Improving methods for estimating small reservoir evaporation in the Brazilian Savanna
Lineu Neiva Rodrigues,
Demetrius David da Silva and
Helizani Couto Bazame
Agricultural Water Management, 2019, vol. 216, issue C, 105-112
The Brazilian Savanna biome is the main agricultural region of Brazil and is facing a growing water shortage and conflicts that tend to expand to new areas and intensify in those already stressed, which is hindering the economic development of the region. Small reservoirs play an important role in supporting the local economy in the savanna areas of Brazil. Hundreds of small reservoirs have been built in the last twenty years in the region. They were constructed by individual farmers or projects funded by different agencies without any coordination and knowledge that the reservoirs are part of a complex hydrologic system. The lack of reservoir basic information and appropriate methods to quantify water supply, demand and losses are hindering efficient water management. In this context, evaporation is a non beneficial loss to the water system and should be better quantified. The present study aimed to improve methods for estimating small reservoir evaporation in the Brazilian savanna region. The study area was the Buriti Vermelho watershed, where the evaporation were measured in Class A pans installed inside and outside of a small reservoir. Pan coefficients were calculated on a monthly, seasonal and annual basis. In addition, equations for estimating evaporation based on climatic variables were developed. The pan coefficients values varied throughout the year from 0.72 to 0.92, with mean absolute error (MAE) ranging from 0.32 to 0.52 mm d−1. The two best climatic equations presented MAE of 0.44 mm d−1, while equations that used solar radiation and relative humidity as input also presented good performance.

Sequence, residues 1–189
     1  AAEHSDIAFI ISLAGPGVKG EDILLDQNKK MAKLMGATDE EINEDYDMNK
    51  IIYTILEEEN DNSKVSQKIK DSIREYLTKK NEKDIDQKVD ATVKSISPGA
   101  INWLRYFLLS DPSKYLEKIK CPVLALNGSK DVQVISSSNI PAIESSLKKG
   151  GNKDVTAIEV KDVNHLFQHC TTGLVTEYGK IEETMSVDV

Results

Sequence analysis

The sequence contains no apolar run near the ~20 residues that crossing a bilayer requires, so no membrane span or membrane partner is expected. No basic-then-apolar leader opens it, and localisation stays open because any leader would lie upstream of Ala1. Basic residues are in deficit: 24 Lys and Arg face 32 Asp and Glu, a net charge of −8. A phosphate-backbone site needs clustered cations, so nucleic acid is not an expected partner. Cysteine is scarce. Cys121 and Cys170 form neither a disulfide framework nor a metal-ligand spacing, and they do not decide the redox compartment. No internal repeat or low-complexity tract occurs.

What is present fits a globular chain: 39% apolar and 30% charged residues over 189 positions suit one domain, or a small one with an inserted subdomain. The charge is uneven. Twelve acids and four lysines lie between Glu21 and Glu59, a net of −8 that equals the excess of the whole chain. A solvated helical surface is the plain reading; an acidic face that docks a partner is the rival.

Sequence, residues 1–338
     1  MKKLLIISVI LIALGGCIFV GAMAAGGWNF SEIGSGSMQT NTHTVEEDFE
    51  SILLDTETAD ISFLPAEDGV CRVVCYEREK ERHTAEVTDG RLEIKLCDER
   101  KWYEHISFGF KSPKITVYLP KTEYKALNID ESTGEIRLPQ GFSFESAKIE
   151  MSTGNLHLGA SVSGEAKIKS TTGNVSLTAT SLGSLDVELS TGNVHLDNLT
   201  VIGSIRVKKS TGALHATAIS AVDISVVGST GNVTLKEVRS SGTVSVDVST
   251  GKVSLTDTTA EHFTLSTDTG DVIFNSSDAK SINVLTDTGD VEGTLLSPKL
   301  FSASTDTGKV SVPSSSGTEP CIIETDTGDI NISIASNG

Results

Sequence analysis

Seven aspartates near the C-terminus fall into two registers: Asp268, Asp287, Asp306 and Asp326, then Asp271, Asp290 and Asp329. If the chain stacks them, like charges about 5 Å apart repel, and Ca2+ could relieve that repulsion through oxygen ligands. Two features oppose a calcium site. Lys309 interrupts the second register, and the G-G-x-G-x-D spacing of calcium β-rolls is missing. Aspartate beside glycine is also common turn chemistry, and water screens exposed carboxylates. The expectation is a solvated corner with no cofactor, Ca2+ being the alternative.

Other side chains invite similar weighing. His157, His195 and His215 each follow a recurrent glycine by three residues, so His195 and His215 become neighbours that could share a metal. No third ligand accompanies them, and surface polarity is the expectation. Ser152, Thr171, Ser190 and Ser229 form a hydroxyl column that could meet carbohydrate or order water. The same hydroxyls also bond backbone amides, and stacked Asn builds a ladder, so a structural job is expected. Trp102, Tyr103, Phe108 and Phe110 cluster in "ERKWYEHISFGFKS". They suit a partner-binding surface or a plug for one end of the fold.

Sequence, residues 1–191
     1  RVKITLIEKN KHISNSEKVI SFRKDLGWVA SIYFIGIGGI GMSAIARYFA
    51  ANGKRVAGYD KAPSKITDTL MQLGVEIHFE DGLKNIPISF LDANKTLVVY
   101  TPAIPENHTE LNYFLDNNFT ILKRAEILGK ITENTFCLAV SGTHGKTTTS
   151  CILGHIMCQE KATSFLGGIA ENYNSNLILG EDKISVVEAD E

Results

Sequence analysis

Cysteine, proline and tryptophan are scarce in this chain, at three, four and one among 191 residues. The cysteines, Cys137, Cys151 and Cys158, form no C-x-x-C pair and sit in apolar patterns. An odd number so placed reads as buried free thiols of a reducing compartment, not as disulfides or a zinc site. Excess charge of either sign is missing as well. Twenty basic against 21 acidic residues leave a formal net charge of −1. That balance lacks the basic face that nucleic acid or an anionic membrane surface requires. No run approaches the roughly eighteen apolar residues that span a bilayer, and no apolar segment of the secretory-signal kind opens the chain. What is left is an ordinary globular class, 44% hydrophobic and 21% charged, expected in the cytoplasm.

Keywords: Savanna biome; Small dams; Pan evaporation; Water resources (search for similar items in EconPapers)
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Persistent link: https://EconPapers.repec.org/RePEc:eee:agiwat:v:216:y:2019:i:c:p:105-112
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